19 Oct

New study highlights ‘unquestionable’ efficacy of fluoride in reducing decay risk

A new study suggests that fluoride is “unquestionably effective” in reducing the risk of tooth decay in children. 

Research published in the Journal of Dental Research shows that fluoridated water lowers the risk of decay without impacting emotional and behavioural development negatively. 

A research team estimated the percent lifetime exposed to fluoridated water (LEFW) of children from birth to the age of 5 based on location. Calculations were made according to children’s residential history and fluoride levels in different postcodes. Participants in the study who were aged 5-10 when tracking began were contacted between 7 and 8 years later before they celebrated their 18th birthdays. 

A separate survey, the Strength and Difficulties Questionnaire (SDQ), was used to analyse and evaluate behavioural and emotional development. The Behaviour Inventory of Executive Functioning (BRIEF) was employed to assess executive functioning, which is a set of processes used to control behaviour. Researchers found that there was no relationship between fluoride exposure and changes in behavioural and emotional development.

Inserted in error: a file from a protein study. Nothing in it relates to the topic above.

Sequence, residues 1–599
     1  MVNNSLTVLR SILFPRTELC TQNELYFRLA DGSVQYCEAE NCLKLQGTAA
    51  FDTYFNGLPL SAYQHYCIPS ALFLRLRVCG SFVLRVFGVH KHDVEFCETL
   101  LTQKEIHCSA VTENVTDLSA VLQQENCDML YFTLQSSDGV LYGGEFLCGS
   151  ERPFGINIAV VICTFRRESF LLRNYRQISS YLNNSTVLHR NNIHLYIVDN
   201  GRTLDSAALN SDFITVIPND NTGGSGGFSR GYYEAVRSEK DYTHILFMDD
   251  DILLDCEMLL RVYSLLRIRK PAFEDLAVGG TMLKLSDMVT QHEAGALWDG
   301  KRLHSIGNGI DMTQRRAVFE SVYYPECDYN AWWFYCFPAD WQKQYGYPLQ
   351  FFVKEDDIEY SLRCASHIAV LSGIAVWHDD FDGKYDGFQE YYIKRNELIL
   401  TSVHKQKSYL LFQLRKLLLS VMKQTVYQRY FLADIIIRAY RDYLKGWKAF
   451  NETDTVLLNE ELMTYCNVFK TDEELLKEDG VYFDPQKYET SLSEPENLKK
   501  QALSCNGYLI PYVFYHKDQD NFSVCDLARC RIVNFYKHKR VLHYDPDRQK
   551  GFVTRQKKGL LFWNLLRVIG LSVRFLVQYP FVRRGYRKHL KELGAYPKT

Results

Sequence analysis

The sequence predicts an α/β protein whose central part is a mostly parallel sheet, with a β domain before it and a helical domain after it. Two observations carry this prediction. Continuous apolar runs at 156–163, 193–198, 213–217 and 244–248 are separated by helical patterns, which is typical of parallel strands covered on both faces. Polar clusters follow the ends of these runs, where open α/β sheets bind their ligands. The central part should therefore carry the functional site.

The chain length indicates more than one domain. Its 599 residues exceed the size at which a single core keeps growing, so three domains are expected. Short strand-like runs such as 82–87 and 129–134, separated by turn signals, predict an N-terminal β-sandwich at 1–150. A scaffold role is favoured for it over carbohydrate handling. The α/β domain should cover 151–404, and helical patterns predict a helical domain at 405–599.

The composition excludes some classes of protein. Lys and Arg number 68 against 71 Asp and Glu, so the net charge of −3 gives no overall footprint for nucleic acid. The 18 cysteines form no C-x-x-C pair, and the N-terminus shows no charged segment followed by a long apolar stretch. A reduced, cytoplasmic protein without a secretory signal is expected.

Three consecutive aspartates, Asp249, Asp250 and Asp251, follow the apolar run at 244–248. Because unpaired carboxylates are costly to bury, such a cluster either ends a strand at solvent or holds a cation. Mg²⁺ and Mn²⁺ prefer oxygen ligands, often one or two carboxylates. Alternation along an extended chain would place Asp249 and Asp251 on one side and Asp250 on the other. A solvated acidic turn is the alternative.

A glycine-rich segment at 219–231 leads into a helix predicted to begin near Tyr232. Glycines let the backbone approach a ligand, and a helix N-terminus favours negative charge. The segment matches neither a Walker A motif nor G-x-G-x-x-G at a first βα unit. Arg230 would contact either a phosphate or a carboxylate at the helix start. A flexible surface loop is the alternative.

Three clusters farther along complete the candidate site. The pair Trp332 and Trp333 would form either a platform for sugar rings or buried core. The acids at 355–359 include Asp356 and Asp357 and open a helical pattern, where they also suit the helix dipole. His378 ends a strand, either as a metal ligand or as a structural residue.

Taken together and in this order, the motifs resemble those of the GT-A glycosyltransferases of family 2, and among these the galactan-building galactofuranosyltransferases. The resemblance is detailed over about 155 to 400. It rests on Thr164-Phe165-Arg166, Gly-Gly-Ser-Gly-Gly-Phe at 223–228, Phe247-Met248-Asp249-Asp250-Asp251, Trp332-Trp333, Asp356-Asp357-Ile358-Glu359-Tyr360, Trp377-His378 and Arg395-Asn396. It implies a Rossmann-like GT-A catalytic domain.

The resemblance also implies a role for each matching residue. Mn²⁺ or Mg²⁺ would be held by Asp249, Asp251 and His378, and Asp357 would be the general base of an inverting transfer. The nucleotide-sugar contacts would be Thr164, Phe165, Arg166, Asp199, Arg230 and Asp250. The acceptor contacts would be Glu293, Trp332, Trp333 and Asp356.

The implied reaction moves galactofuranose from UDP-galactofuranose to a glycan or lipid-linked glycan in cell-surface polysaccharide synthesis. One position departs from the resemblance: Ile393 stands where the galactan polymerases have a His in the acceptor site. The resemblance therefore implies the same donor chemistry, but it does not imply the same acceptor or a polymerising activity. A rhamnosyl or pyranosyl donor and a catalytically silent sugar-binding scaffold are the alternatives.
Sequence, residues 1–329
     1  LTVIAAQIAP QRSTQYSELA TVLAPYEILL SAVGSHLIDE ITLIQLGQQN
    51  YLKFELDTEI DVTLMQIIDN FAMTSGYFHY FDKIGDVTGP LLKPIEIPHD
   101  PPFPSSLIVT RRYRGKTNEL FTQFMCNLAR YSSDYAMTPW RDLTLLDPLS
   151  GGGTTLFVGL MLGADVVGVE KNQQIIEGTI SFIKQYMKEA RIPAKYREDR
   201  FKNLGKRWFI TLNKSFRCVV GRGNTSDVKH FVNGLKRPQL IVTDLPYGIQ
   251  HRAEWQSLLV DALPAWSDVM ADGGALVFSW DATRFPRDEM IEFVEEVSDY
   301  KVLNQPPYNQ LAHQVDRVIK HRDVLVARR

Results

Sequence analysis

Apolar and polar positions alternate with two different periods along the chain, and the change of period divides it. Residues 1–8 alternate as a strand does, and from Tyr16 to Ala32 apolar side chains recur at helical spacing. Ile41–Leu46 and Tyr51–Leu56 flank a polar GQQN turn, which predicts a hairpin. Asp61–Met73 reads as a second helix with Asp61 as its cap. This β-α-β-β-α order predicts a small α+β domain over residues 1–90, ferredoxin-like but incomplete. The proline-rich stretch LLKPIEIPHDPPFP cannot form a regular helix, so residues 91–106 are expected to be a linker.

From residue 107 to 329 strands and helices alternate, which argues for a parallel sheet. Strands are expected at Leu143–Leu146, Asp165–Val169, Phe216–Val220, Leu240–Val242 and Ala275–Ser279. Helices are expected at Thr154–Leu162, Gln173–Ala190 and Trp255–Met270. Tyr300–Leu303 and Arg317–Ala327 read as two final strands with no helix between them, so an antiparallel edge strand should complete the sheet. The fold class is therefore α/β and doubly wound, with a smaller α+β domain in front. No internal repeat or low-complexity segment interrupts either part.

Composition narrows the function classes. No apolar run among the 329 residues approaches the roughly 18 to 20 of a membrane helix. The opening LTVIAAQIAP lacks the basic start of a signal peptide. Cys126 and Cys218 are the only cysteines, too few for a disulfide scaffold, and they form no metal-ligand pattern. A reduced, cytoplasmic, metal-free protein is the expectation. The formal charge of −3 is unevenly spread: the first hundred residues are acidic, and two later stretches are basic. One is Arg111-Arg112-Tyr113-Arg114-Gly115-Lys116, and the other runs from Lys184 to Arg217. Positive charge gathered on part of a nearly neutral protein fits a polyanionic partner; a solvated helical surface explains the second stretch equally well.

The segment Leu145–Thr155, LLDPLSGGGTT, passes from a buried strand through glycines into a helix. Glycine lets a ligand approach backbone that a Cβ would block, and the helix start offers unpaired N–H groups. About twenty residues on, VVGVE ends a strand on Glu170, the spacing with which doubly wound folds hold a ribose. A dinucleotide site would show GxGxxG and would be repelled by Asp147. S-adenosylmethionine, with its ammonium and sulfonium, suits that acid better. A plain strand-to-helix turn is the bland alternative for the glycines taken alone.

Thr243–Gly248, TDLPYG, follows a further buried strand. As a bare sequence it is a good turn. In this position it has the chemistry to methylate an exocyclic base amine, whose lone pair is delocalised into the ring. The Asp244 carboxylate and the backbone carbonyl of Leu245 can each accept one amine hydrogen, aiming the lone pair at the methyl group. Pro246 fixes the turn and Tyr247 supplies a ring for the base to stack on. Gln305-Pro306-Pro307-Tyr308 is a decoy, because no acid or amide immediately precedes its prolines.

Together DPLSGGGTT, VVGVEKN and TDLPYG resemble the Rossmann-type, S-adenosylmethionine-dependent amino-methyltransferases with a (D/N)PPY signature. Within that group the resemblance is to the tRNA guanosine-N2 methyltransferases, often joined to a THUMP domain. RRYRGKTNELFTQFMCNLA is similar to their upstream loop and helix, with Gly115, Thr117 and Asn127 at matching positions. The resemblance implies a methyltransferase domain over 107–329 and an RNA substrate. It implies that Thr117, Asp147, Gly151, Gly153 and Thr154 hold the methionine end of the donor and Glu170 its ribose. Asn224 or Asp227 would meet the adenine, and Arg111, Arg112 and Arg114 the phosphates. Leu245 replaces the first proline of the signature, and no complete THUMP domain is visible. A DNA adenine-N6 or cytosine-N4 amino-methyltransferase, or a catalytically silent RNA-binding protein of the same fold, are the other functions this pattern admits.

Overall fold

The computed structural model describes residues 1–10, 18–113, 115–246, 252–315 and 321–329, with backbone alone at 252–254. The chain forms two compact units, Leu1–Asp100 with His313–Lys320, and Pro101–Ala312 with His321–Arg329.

Brian O’Connell, dean of the Faculty of Health Sciences at Trinity College, Dublin and president of the International Association for Dental Research (IADR), said that the study was an “important addition to the body of literature documenting the safety of water fluoridation.”

Mr O’Connell added that the IADR supports water fluoridation as a “public health measure” that has a “high benefit/cost ratio and benefits deprived communities the most.” Fluoridated water, he explained is an effective means of “reducing health inequalities.”

Tooth decay is the leading cause of hospital admissions among children across the UK, despite the fact that most cases are preventable. The best ways to lower the risk of decay include twice-daily brushing, avoiding snacking and moderating sugar consumption and attending regular routine check-ups. Preventative treatments, including fluoride varnish and sealants, can also help to protect the teeth.